Ruta Sevo: Make women’s history-Occupy the voting booth
Women won the right to vote nearly 100 years ago, yet only about half of millennials (those born between 1980 and 1995) voted in the last presidential election. If all millennial women voted in 2012, they could make a difference.
Much is at stake. The birth-control pill came into widespread use in the 1960s and dramatically changed the lives of women for the better. Now, still, half a century later, male politicians and legislators want to restrict access to birth control, sending us back to darker ages: constant fear of pregnancy, shameful and deadly sexually transmitted disease, increased need for abortions, and, generally. second-class citizenship.
Viagra for men is freely available while women’s sexuality is to be controlled and discouraged.
Ninety-nine percent of American women have used birth control. Ninety-eight percent of Catholic women have used birth control, despite of the disapproval of the Catholic Church. Will you let this right to sexuality and ability to plan families be taken away?
This is not the only issue at stake for women. There is fair pay. Even one year out of college, women with equivalent qualifications earn less than men, and the gap widens thereafter. Flexible student loans and Pell grants for college. Health coverage for young adults up to age 26 on their parents’ plan. Gay rights in the military, in child adoption and marriage. Paid sick leave for full-time employees.
As we grow up we realize we are living in a shared house with a lot of rules, big and little. There are rules about barking dogs, how clean the kitchen needs to be if you feed others, disposal of garbage. Someone decides whether guns and Viagra should be easy to get, and whether to make it hard to get birth control. They decide that alcohol is OK with minor restrictions, but marijuana is scary. They set speed limits, offer or do not offer financial aid for college, define clean water and require licenses for business.
If you have traveled to a poor country, you may have seen a crew out on the streets picking up bodies of beggars who died in the night. There are no speed limits and traffic is a jumble of animals, scooters, bikes and black-fuming trucks. Someone can rob you in the street with no consequences, because there are either no police or ineffective police. Someone can take your money by lying or kidnapping. Restaurants are not inspected. There is no safety net for the old and sick, and those who have no family may have to survive by begging or selling vegetables on the sidewalk.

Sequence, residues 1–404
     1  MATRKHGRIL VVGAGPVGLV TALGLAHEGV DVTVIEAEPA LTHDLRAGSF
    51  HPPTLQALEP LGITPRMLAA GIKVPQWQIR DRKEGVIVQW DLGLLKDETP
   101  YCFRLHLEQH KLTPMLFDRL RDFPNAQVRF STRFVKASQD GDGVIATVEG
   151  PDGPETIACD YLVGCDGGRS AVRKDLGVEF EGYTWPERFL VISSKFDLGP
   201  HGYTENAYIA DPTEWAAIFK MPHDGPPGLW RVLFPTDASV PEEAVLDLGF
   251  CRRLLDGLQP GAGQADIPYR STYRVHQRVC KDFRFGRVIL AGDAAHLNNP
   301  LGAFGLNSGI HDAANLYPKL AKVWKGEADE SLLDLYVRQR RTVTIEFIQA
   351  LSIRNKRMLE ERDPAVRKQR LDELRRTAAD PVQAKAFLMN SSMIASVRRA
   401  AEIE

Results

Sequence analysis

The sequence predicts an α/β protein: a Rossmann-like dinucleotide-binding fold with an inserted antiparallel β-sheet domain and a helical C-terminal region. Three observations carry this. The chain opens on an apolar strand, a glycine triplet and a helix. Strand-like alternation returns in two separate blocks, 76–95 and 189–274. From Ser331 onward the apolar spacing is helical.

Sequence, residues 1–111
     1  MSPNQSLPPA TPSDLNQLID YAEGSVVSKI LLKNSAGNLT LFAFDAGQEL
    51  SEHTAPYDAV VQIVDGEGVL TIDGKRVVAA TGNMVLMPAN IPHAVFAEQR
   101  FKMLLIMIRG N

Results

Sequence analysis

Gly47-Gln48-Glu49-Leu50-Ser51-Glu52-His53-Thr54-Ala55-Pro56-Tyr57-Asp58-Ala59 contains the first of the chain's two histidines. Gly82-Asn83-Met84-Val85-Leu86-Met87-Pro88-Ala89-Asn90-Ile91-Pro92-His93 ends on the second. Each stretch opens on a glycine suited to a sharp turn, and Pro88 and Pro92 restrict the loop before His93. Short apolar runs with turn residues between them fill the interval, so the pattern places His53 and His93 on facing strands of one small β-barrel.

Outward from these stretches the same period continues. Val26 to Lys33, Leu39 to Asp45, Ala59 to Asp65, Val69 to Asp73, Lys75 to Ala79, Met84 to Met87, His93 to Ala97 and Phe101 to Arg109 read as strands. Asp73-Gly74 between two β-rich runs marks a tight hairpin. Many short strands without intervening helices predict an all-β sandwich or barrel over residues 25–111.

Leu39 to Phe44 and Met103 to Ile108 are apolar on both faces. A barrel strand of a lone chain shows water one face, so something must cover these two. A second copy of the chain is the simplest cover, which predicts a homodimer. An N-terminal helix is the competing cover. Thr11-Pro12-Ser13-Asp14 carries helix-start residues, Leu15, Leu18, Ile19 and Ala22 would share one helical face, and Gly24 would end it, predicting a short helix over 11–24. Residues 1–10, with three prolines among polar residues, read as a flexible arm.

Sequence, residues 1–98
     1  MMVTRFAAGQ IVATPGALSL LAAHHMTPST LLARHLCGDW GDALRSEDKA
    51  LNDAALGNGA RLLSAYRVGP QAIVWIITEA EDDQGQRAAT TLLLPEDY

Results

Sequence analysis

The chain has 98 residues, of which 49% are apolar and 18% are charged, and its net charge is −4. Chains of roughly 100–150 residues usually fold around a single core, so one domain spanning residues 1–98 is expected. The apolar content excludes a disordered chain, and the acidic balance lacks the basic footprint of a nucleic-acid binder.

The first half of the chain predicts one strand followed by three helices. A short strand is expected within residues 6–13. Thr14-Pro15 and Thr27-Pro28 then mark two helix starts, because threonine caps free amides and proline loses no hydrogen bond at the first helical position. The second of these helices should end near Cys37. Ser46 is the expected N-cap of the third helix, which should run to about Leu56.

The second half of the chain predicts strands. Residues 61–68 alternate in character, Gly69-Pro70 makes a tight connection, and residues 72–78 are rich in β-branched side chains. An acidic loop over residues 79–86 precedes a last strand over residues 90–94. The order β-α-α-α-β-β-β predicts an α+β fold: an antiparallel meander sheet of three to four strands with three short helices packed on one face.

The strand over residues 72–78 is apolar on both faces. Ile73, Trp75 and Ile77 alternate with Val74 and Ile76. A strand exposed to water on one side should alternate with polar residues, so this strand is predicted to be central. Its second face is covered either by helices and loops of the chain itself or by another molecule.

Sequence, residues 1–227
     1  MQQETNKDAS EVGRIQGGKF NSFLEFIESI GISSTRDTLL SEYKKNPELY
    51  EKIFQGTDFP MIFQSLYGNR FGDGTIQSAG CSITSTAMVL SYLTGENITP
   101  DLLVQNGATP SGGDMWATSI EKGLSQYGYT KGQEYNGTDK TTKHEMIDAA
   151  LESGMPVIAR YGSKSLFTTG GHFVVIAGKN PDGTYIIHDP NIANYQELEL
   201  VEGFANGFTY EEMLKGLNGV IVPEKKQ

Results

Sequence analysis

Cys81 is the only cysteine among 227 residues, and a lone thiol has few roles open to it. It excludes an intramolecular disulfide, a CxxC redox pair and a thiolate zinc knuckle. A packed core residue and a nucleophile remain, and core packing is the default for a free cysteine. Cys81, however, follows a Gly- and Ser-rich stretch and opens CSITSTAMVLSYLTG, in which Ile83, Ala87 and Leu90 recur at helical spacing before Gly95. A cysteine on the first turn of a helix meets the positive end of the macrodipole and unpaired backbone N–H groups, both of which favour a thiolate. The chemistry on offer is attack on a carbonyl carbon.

We make our world by electing our rule-makers, aka legislators. Once elected, they decide whether to fund education or give tax breaks to the rich. They can choose to regulate banks so that people are not given bad loans that lead to foreclosure. They can say they are choosing “small government” and “personal liberty,” and yet find the resources to inspect every social service that provides health counseling to women, and to control women’s services out of existence. They may at the same time require only token checks on the purchase of guns. Basically, they decide what needs a rule, and what needs to be controlled.
We will not get rid of government in our shared house because most of us agree that we need to protect health, provide security and maintain order. But we can choose what kind of government we get: one that is kind to the unfortunate and tries for fairness, or one that considers the poor to be deficient and unworthy. One that gives people with disabilities a chance to develop to their best potential, or one that abandons their promise, not believing in it. One that tries to maximize the potential of all students, or one that lets the rich get richer, filling the best schools. One that gives women a fair chance for equality in the pursuit of happiness.
Your right and privilege is less than 100 years old. Occupy the voting booth, and get your family and friends to do the same. Register to vote, pay attention to the date and hours of the election, read about the candidates and the values they represent, and vote in the 2012 elections. Then you will be heard.
Ruta Sevo is an independent consultant and a member of the American Association of University Women.